The Matrix

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Anji
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May 3rd, 2007 at 02:25pm
OK, so some or most of us here have seen the movie, and if not you've probably heard the theories. But to be honest, I think most of them are wrong.

Anyway, talk about theories to the movie here, while I prove that it isn't about a stimulated environment in our subconscious.

My theory? It's isn't theory, I'm damn well sure that this is fact. The Matrix has absolutely nothing to do with the 'How do you know you're not dreaming?' idea. The Matrix is about the false world, not as a series of nerve impulses, making us react with an imaginary environment, but the false world as in capitalist and consumerist society.

There are many sites about this on the internet, so discuss.

http://www.matrix-explained.com/
Meski
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May 3rd, 2007 at 03:36pm
I always though there could be another life out there Think
Mycophobia
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May 8th, 2007 at 08:36pm
when i was little i decided the world is a big egg and when we die we hatch out and live in this giant world with lots of purple Shifty
Anji
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May 11th, 2007 at 03:32pm
Polexia?:
when i was little i decided the world is a big egg and when we die we hatch out and live in this giant world with lots of purple Shifty
That reminds me of what Plato wrote in his The Republic.

At least, I think. Anyway, he described the world as the general public knows it, as prisoners entramped in 'a cave'. One day, one of them becomes free and surfaces the cave to find out that there is in fact a whole other world which is out side of the cave and returned to tell the rest of the prisoners about it. He's sort of like the Messiah, like Neo in The Matrix and also what Christians used to describe the death and ressurection of Christ.

It is this idea that so many people consider the theory of The Matrix to be about when infact that has nothing to do with the 'Matrix'.
The Doctor
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May 11th, 2007 at 03:51pm
My neighbor thought of this years before the Matrix came about.

Well, sort of. He just thought that life as we know it is actually us in a coma, so this is a sort of dream. Life On Mars style.

I don't like the Matrix idea though, however possible it may be. I prefer parallel universes. Mr. Green which is not the same thing.
Anji
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May 11th, 2007 at 04:39pm
All the movie is supposed to do is to stir up a political idea that's been around since the 60's. The theory is a lot older however. Marxism.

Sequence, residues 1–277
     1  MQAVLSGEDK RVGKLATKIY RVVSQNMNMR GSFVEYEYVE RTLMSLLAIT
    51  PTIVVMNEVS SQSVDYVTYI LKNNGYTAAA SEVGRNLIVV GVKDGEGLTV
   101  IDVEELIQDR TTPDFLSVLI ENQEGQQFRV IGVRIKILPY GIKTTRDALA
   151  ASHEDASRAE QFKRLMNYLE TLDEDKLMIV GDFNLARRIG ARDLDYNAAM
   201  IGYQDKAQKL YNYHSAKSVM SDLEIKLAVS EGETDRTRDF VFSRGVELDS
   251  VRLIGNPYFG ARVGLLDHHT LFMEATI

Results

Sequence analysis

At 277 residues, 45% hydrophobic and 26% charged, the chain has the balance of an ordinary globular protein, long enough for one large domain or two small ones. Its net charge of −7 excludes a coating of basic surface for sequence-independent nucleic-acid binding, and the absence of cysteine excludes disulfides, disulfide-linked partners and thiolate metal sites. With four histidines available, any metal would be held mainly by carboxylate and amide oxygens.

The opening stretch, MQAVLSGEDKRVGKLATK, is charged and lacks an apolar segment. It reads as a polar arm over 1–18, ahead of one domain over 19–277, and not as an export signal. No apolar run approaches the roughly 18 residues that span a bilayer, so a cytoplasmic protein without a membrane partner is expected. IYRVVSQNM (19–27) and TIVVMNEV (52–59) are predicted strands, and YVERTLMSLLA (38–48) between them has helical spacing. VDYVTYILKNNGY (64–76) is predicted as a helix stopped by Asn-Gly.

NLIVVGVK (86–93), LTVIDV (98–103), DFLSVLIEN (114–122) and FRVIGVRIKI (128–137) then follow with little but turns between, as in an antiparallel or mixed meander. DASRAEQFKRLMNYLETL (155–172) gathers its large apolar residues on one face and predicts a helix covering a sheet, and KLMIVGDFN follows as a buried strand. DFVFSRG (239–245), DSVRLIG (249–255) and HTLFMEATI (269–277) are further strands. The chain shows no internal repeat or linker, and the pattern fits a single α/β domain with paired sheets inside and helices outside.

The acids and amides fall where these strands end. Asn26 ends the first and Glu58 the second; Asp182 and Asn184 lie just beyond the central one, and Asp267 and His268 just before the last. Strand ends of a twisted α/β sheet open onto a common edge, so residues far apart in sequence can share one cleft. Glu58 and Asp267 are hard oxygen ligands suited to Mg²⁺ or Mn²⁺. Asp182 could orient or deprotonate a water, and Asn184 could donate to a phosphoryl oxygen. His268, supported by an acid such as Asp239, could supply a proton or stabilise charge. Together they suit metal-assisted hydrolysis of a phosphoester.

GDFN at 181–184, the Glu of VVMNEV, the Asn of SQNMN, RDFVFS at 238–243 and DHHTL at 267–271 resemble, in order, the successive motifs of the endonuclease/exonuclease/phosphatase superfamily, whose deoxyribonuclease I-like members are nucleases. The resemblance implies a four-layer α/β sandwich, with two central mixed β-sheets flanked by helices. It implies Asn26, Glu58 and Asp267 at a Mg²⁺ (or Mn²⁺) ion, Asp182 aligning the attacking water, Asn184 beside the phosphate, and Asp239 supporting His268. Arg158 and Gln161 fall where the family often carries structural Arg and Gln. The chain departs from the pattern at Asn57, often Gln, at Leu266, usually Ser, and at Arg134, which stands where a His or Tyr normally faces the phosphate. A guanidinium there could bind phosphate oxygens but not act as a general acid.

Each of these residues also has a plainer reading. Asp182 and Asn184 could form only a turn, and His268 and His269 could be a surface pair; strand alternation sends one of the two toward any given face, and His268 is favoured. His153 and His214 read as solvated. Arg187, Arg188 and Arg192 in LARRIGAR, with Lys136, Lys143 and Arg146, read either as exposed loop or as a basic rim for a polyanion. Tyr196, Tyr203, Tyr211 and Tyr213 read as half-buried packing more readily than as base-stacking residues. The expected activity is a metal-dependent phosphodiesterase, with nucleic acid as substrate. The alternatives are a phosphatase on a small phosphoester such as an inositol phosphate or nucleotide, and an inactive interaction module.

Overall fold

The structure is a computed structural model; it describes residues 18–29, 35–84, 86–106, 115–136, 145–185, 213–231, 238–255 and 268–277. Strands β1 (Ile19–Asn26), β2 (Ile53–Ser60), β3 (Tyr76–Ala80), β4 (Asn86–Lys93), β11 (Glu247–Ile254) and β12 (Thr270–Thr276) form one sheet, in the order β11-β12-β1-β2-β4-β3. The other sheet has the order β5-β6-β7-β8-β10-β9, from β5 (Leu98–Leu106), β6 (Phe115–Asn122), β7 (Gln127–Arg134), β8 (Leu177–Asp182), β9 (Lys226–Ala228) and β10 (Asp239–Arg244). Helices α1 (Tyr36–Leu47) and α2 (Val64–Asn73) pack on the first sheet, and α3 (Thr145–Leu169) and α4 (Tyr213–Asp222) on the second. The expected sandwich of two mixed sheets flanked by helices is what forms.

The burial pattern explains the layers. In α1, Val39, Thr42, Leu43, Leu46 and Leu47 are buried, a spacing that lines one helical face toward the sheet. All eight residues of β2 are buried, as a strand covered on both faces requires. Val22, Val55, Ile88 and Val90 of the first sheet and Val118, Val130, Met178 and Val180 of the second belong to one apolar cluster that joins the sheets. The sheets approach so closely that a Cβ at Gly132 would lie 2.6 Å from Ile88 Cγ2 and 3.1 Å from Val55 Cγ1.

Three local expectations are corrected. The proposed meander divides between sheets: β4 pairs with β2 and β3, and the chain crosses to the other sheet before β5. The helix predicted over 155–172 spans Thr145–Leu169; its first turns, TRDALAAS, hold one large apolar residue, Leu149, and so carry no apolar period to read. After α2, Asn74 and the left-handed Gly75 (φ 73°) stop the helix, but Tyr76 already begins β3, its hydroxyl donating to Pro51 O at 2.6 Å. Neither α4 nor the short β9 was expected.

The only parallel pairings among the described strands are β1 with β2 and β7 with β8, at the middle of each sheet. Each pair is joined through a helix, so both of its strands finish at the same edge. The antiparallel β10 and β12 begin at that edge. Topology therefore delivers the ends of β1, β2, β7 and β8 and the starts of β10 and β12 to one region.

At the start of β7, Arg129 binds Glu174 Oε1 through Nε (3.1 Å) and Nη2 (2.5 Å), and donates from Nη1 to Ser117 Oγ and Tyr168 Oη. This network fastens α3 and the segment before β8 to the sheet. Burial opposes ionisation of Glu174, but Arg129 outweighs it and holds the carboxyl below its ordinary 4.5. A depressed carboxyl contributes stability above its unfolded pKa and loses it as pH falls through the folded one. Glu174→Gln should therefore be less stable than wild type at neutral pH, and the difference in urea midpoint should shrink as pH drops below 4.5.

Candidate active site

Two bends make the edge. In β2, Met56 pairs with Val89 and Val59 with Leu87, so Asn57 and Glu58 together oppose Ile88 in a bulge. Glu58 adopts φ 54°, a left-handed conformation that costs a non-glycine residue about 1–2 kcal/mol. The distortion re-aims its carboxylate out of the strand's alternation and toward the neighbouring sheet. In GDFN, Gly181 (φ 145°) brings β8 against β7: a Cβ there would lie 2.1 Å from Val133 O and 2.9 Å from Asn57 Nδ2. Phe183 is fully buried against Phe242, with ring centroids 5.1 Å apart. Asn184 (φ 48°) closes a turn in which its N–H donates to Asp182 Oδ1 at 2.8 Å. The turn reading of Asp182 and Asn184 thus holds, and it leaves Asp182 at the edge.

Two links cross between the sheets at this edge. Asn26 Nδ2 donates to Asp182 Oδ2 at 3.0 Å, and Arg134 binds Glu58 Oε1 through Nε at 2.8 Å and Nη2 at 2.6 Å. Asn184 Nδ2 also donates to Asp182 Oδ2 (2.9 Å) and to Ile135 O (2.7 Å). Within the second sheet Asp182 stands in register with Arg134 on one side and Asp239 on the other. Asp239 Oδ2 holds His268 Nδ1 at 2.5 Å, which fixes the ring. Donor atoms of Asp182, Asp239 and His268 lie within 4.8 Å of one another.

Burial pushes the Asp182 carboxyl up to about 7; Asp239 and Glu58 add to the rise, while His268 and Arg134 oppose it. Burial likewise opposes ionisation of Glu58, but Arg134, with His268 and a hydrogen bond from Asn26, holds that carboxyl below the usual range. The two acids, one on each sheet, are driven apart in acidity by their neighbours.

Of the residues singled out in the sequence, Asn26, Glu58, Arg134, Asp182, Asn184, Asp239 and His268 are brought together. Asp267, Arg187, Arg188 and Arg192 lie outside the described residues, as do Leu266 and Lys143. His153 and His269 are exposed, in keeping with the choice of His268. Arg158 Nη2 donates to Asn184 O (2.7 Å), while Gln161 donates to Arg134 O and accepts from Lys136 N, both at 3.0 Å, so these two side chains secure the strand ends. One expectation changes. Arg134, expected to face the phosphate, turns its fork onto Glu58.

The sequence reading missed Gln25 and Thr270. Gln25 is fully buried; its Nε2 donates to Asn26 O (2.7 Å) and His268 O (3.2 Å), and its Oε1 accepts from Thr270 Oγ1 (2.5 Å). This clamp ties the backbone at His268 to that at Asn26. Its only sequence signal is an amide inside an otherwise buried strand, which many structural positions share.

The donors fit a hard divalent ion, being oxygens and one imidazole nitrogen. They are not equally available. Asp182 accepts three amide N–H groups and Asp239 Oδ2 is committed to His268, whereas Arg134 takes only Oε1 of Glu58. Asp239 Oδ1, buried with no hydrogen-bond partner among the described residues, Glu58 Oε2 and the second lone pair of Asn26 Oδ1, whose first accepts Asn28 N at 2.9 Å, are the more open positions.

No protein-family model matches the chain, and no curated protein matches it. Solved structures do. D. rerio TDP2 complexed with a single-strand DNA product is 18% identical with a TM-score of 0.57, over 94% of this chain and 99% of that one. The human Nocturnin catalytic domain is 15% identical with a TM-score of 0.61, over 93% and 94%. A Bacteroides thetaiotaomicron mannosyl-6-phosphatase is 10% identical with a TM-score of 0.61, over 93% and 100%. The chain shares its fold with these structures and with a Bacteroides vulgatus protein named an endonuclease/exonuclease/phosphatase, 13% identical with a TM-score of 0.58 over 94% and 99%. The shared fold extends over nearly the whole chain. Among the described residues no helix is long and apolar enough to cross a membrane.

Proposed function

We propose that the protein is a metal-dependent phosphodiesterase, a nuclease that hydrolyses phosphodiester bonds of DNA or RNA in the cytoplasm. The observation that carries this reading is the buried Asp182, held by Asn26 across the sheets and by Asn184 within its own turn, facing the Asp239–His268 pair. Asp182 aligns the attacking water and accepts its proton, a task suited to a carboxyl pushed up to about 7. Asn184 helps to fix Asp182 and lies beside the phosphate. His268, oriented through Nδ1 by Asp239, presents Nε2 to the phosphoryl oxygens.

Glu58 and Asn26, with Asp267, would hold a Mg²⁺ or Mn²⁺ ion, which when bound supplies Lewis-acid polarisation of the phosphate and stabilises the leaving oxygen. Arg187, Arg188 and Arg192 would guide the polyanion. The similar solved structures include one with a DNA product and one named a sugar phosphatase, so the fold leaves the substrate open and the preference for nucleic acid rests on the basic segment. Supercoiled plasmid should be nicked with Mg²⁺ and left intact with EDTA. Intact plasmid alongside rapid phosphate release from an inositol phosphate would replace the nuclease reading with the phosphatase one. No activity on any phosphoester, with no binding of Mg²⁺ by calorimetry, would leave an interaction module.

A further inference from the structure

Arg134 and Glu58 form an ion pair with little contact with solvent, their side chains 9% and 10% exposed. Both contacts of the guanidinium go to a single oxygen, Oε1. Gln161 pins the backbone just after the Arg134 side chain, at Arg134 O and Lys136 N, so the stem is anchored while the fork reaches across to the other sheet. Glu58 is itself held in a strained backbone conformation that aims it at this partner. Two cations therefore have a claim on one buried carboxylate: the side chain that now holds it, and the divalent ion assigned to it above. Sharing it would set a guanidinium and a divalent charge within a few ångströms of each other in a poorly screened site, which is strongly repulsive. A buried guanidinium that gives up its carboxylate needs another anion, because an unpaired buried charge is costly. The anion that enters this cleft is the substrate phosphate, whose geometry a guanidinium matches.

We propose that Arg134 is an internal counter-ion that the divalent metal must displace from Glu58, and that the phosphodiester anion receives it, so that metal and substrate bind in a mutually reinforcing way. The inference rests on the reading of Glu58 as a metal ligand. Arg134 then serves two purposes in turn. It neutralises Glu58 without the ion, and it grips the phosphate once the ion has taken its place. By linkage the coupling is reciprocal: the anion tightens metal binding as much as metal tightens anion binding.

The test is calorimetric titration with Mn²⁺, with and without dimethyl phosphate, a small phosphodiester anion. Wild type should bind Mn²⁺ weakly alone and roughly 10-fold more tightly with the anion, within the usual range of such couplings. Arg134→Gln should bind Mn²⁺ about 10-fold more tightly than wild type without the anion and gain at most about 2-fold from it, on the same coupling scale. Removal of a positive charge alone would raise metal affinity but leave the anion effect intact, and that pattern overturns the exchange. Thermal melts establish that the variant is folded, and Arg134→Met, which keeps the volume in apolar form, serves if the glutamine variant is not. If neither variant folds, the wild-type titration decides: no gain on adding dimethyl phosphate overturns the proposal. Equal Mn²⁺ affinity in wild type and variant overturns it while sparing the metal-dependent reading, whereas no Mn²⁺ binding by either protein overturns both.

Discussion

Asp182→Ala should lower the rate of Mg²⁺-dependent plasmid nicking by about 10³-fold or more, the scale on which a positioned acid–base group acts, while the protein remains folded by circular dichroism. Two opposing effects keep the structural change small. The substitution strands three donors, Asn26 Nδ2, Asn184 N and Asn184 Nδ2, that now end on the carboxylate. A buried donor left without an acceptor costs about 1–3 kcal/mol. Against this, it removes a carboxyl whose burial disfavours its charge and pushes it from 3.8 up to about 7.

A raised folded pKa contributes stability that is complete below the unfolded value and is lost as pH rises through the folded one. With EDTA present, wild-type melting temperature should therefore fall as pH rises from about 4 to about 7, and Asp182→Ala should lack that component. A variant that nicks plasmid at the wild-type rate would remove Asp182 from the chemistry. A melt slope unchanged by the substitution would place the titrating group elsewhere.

The part at the end where Neo sees the white rabbit proves my point. Look at the title of the book.
PentatonicA
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May 11th, 2007 at 11:38pm
I don’t know about these “matrix theories” going around that you mentioned, but I think I have some idea of what they’re about.
What I do have to say is that the world (reality) we live in is in many ways pretty much like the matrix. Of course I don’t mean literally, but more as a metaphor of something that otherwise is pretty complex to describe or understand even.

The realm we inhabit is a pseudo-reality. Many describe it as a ‘Virtual Reality‘, not because it happens inside a computer simulation (like the matrix movies for example) but because it’s not a “genuine” reality (hence the use of the word virtual) it’s an artificial reality.
This isn’t to say that our “reality” isn’t real, in terms of the actual existence of our realm is real and it exists, but it is also a counterfeit “reality” of the True Genuine Realm that sadly we’re not part of.

To illustrate the point, let’s say we’re able to build a robot or android that looks like us and can do nearly everything we can do but that is a machine inside. The robot can be considered a counterfeit human being, and humans being the genuine article. That is very simplified the differences between the True Realm and the counterfeit fake one we live in.
The Doctor
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May 12th, 2007 at 06:42am
Anji:
All the movie is supposed to do is to stir up a political idea that's been around since the 60's. The theory is a lot older however. Marxism.

The part at the end where Neo sees the white rabbit proves my point. Look at the title of the book.
Ahh, good ol' Karl Marx. It would be good to get people to actually understand Marxism without immediately thinking Cold War-esque ideas.

White rabbit? Which movie was that in?
Anji
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May 13th, 2007 at 01:06pm
The Lady of Time.:
Anji:
All the movie is supposed to do is to stir up a political idea that's been around since the 60's. The theory is a lot older however. Marxism.

The part at the end where Neo sees the white rabbit proves my point. Look at the title of the book.
Ahh, good ol' Karl Marx. It would be good to get people to actually understand Marxism without immediately thinking Cold War-esque ideas.

White rabbit? Which movie was that in?
The first...I think.

And in terms of psychologic analysis, I always think Hobbes in terms of the Cold War. The 'race for arms' and every thing, Hobbesian theory makes a lot of sense.